MTConnect is the communication standard of choice for manufacturing. It allows organized retrieval of data from shop floor equipment in a structured XML.
The adjacent diagram depicts the key components of MTConnect. Let us start with the shop floor equipment shown at the bottom of the diagram – a CNC lathe. Above that, we have an optional adapter component that converts machine-specific data into a MTConnect defined format. The adapter component is optional as most manufacturers are building this capability directly into their machines. On the top is the agent component responsible for converting MTConnect data into XML. Additionally the agent also exposes a RESTful service that can be used to retrieve data.
MTConnect and Azure IoT
With the recent emphasis on Internet of Things (IoT) and Machine Learning (ML), manufacturing companies want to retrieve MTConnect data from a large number of machines on the shop floor and then use ML algorithms on the collected data. The goal is to use ML to optimize the efficiency of the shop floor machines. This is where the Azure platform with services such as Azure ML, IoT Hub and SQL can come in handy.
So how do we transport the data from the MTConnect agent to Azure? The easiest approach is to place a driver program, alongside the agent, that periodically calls the MTConnect REST API and sends the data to Azure via IoT Hub. This incoming data can then be processed using Stream Analytics and placed in Azure Blog storage.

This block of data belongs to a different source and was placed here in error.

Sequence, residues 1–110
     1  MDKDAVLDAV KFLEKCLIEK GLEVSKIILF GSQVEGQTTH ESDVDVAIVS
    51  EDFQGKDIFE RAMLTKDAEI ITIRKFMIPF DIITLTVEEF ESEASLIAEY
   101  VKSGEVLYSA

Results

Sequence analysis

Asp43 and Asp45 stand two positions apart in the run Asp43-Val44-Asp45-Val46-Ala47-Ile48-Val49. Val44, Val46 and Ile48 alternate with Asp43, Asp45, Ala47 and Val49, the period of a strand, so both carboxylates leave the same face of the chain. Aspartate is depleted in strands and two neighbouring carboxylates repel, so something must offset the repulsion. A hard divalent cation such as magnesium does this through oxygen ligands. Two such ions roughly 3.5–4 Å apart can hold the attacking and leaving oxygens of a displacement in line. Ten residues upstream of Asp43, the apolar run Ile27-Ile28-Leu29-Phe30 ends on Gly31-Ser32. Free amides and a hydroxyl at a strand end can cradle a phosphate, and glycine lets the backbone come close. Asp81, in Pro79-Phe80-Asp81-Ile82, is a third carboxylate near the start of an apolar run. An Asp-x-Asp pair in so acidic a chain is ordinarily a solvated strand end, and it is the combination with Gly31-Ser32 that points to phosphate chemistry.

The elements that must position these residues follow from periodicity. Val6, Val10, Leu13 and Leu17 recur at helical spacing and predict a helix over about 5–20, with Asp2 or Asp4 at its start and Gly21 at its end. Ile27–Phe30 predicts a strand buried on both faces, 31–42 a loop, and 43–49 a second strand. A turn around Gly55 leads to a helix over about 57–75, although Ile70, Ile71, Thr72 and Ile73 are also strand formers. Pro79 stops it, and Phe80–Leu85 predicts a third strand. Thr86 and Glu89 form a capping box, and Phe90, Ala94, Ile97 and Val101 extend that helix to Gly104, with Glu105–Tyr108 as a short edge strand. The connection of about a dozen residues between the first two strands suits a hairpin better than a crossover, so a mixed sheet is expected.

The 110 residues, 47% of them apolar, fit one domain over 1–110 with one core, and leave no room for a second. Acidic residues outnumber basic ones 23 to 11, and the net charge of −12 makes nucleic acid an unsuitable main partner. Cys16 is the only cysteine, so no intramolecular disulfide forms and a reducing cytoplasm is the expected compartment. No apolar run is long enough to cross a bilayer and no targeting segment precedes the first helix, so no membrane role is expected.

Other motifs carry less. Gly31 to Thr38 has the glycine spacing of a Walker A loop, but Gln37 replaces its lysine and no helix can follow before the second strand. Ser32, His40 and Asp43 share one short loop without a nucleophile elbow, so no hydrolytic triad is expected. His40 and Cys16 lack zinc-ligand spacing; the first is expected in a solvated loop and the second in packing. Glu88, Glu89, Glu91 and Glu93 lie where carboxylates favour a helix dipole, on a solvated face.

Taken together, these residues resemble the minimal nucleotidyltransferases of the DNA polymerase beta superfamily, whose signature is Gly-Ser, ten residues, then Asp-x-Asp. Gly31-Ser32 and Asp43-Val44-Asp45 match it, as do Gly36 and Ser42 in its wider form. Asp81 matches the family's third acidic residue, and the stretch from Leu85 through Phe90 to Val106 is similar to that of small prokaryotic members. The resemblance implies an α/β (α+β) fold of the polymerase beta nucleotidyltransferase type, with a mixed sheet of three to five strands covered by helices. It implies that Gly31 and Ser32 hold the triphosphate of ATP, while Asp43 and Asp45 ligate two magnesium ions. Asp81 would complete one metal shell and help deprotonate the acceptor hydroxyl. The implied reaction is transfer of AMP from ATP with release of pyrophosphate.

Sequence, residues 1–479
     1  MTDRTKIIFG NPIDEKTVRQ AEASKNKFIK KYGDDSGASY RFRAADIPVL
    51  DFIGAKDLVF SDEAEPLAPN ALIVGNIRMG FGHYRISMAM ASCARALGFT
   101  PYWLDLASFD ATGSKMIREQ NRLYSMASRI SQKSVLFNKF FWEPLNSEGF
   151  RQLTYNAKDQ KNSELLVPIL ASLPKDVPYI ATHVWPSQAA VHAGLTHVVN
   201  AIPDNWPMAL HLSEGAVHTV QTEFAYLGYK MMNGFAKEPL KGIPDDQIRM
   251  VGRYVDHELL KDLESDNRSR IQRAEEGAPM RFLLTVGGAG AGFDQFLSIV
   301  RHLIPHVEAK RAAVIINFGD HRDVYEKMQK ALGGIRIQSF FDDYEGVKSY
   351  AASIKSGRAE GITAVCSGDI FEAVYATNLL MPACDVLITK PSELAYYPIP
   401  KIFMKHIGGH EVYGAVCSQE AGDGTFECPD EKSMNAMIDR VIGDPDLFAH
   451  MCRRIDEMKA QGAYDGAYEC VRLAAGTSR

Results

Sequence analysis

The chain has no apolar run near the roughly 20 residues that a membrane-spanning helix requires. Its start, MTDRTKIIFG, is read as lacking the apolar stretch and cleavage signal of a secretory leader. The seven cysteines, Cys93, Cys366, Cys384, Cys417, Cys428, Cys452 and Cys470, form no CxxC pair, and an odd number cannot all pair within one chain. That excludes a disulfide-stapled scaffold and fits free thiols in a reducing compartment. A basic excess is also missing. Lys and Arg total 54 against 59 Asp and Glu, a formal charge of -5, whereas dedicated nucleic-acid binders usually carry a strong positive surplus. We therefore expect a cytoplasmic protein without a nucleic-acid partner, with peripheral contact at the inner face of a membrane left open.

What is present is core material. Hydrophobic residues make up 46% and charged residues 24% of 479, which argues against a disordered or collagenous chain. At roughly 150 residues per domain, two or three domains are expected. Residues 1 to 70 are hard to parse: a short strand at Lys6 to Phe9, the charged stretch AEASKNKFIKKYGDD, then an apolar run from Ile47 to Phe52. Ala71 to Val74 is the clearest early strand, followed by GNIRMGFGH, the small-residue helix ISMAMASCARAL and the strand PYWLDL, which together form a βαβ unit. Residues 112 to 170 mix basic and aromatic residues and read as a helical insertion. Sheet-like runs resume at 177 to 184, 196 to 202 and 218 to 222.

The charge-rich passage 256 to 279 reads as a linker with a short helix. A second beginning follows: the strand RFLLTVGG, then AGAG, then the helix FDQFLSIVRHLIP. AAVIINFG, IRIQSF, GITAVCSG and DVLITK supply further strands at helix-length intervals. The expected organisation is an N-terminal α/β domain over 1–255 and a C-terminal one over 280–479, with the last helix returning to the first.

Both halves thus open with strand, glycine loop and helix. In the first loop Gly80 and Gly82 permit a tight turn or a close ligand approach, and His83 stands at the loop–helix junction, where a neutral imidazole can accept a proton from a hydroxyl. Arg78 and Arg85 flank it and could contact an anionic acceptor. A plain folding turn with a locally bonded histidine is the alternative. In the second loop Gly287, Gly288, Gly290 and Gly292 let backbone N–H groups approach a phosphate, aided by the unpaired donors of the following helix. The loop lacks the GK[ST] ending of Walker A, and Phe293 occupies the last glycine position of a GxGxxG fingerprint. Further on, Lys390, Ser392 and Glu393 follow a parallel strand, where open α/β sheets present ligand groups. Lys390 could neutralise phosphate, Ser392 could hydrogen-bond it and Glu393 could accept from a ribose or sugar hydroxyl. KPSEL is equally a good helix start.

Unfortunately, as we found out on a recent project, hosting the aforementioned driver program on-premises comes with its own set of challenges. Shop floor infrastructure is typically constrained – both in terms of infrastructure resources that are available and the flexibility to choose tools and languages. Additionally, the management of a driver program (installation, monitoring and updates) becomes a challenge as it needs coordination with the teams managing the shop floor network. All of these are impediments to the seamlessness offered by the rest of back-end Azure Services like IoT Hub, Azure ML and Stream Analytics.
This led us to refactor our approach for the driver program. We moved the driver program to Azure (as depicted in the diagram above). Moving the driver program to Azure allows us to host it within a cost-effective compute capability like WebJobs (versus paying for a dedicated VM). WebJobs allow for running a batch program or a script. Using the WebJobs SDK we developed the driver program to invoke the MTConnect REST API.
Of course the agent is behind the firewall. So how does the Webjob access it? This is where the Hybrid Connections service of Azure comes in. It provides an easy and convenient way to connect the WebJobs to on-premises resource (in our case, the MTConnect Agent) behind your firewall.
The code for the WebJobs driver program is available here.